Thousands of People Take to the Streets of Sudan to Protest Against Military Rule

Thousands of Sudanese protesters gathered in the capital on Sunday to demand an end to military rule and tribal clashes that have left more than 100 people dead, AFP correspondents said.

“Down with Burhan,” they chanted, referring to General Abdel Fattah al-Burhan, the army chief who last year led a military coup that upended the transition to civilian rule after ousting of President Omar al-Bashir in 2019.

Near-weekly protests have since taken place, despite a deadly crackdown that has killed at least 116 people, according to pro-democracy doctors.

“Authority belongs to the people,” chanted the protesters, demanding that the soldiers return to their barracks.

Since last year’s coup, Sudan – already one of the world’s poorest countries – has been reeling from a spiraling economic crisis and a vast security breakdown that has led to a resurgence of ethnic clashes in its remote regions.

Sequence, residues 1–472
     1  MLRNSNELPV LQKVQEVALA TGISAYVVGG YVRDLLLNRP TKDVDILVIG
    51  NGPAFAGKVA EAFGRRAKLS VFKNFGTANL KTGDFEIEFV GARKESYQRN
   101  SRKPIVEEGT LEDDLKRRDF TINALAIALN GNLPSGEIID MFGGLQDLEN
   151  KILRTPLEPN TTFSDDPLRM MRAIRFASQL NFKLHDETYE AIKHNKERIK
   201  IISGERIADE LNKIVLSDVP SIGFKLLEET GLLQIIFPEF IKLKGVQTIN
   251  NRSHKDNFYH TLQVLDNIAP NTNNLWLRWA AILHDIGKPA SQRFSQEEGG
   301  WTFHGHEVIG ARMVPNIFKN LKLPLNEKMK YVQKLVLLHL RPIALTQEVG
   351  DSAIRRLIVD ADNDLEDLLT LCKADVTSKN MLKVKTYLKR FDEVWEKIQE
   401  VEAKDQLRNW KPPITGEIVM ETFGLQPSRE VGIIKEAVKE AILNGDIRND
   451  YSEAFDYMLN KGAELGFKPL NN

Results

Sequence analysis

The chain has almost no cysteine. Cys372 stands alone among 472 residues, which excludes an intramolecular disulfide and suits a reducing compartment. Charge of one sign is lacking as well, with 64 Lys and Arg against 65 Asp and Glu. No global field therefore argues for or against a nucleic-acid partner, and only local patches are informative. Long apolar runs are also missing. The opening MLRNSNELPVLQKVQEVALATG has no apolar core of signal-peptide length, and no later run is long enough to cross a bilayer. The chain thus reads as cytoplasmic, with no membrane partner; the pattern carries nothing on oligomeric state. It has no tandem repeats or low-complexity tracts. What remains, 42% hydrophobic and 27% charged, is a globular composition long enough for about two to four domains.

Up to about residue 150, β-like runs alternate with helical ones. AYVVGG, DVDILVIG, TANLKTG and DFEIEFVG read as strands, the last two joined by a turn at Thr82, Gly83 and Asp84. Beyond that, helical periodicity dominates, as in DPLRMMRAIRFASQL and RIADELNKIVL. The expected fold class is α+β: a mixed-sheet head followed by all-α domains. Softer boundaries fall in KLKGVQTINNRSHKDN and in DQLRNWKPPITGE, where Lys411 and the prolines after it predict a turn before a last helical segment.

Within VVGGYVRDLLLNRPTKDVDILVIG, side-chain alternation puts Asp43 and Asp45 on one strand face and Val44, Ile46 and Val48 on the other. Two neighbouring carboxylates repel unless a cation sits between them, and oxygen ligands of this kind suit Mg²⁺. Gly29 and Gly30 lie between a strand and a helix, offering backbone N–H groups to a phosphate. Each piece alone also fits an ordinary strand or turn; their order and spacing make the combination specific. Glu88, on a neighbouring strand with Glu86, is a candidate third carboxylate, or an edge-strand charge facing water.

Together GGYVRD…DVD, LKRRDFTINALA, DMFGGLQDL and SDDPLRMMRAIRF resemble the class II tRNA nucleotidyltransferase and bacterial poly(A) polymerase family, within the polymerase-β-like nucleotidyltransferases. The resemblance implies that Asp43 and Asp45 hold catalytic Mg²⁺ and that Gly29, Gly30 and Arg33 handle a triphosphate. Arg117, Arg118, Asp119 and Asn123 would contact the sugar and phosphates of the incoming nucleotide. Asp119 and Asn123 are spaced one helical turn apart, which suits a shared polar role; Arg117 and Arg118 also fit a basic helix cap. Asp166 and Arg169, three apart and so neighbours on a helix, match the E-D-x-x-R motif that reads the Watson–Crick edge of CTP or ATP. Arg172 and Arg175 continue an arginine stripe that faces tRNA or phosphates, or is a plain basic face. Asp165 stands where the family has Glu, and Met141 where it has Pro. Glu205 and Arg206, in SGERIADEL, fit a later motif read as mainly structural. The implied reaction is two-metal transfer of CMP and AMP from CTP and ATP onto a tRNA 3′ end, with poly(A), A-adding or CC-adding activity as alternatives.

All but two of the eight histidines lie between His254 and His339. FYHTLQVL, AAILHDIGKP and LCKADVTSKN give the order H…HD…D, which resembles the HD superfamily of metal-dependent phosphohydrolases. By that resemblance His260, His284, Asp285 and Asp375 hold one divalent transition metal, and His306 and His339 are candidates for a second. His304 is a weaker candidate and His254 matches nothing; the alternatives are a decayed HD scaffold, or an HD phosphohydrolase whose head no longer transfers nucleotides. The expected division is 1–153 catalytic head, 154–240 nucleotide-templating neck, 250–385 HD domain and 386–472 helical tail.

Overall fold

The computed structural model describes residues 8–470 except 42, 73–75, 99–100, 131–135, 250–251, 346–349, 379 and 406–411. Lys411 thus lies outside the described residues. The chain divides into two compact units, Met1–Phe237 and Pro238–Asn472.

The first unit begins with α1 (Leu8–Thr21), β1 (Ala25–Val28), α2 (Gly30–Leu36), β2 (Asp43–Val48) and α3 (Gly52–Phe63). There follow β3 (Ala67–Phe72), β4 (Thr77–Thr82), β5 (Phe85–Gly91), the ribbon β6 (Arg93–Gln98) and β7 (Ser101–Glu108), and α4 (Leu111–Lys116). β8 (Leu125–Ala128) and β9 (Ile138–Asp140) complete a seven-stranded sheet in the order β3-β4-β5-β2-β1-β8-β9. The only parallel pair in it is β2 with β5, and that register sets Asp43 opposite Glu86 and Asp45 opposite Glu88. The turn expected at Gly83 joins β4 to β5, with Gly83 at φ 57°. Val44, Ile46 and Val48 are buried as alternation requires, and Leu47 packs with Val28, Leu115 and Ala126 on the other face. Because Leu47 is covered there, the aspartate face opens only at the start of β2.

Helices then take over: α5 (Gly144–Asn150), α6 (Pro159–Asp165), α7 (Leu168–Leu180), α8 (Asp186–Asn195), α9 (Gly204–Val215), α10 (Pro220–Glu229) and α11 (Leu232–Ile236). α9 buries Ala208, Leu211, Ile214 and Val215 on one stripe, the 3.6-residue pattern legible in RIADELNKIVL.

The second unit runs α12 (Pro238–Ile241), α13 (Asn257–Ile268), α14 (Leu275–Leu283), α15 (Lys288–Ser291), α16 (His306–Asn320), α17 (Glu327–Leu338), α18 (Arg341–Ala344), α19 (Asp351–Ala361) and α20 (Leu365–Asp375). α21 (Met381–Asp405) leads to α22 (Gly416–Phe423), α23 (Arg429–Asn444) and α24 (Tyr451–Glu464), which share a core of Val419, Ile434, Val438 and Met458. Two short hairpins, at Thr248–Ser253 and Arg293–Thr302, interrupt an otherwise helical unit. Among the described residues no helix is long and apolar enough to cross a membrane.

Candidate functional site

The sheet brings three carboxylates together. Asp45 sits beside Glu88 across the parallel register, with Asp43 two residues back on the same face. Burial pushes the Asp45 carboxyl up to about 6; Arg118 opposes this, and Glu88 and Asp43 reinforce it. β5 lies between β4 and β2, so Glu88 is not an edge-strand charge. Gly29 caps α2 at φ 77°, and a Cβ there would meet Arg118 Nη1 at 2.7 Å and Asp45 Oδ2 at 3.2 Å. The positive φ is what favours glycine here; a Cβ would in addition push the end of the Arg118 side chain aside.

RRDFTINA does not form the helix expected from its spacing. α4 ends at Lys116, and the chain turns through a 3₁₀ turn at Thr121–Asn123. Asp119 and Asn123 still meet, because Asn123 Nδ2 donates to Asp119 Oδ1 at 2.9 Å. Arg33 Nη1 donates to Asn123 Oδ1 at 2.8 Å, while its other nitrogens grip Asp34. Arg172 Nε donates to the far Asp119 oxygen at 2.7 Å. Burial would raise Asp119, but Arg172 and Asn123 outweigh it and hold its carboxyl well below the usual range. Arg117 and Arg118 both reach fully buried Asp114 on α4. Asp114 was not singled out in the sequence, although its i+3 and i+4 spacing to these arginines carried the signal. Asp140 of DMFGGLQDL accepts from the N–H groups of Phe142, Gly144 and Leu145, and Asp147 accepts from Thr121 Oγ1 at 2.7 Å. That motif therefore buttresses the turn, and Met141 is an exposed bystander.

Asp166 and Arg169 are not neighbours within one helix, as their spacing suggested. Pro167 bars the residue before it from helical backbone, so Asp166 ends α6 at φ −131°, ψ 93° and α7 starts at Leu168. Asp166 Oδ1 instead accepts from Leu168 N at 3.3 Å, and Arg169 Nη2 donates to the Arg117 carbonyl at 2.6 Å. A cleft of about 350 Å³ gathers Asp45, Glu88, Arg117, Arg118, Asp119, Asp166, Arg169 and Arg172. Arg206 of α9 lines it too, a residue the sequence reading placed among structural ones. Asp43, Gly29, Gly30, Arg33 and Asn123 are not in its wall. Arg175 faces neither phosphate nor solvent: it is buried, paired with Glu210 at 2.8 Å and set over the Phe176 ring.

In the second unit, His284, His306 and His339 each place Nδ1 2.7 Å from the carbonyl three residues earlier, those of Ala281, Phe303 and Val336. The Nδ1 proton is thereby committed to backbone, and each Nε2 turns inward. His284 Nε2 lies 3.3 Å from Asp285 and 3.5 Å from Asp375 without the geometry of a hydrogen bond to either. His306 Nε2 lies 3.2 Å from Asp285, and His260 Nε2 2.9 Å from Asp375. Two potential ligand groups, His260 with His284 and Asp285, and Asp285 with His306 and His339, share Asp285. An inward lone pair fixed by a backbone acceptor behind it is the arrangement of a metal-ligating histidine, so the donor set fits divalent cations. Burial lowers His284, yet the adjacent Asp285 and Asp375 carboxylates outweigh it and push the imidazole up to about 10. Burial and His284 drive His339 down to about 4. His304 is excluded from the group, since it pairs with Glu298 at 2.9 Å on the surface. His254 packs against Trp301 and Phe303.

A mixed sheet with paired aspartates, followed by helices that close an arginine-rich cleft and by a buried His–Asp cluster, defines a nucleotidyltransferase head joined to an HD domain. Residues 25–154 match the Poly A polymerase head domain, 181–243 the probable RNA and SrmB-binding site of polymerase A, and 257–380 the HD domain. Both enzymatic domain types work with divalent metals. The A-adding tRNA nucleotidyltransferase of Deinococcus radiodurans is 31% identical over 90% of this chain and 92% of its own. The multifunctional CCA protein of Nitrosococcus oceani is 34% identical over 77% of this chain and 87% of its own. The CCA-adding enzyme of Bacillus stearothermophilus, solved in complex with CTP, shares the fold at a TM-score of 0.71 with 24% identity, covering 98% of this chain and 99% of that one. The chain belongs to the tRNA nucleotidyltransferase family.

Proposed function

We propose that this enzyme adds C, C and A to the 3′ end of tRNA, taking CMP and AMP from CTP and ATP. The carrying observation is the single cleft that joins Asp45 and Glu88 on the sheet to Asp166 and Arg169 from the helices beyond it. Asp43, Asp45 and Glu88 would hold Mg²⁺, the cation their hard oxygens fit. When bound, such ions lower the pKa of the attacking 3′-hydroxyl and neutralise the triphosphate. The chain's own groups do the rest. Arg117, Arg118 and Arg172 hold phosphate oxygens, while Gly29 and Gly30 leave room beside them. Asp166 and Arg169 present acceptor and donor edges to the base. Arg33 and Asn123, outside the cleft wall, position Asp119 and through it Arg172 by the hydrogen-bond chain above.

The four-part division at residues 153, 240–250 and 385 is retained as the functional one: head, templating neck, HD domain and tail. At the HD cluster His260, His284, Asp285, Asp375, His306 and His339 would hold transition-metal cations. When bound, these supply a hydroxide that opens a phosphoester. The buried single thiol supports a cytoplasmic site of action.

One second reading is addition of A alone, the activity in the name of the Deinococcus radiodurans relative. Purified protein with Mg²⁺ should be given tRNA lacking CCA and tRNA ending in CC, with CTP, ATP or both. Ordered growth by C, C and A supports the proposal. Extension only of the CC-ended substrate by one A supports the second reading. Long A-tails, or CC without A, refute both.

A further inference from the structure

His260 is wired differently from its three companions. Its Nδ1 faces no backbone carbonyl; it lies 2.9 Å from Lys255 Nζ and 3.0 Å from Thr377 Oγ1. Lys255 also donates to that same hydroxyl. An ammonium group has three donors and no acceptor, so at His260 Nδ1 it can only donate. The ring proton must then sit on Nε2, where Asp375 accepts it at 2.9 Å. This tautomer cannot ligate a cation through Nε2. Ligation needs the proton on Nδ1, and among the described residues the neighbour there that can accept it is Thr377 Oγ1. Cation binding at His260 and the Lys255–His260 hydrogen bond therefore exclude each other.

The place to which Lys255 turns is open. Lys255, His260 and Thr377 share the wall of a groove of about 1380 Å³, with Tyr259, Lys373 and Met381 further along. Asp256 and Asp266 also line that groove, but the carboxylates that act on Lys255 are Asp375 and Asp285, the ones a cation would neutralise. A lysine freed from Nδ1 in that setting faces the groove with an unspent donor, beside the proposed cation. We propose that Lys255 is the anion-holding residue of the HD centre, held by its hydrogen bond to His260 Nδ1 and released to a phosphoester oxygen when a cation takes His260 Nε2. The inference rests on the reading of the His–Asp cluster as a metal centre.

On July 11, tribal clashes over a land dispute erupted in southern Blue Nile State, killing at least 105 people and injuring 291, and sparking protests demanding justice and calls for coexistence.

Protester Mohamed Ali told AFP on Sunday that he was demonstrating for “a united nation”.

The military council has “turned a blind eye” to tribal violence, Ali said, “because these issues keep it in power.”

Pro-democracy activists have long accused the Sudanese army and former rebel leaders who signed a peace deal in 2020 of stoking ethnic tensions for political purposes.

The strength of the pro-democracy movement has seen ups and downs since the coup, most recently rocked by a surprise July 4 announcement when Burhan pledged in a televised speech to stand down and step down. Sudanese factions to agree on a civilian government.

Top civilian leaders dismissed his decision as a “ruse”, and pro-democracy protesters held firm to their rallying cry that there can be “no negotiation, no partnership” with the military.

Other civilian factions have shown themselves more willing to negotiate, seeing them as a necessary stepping stone to democratic rule.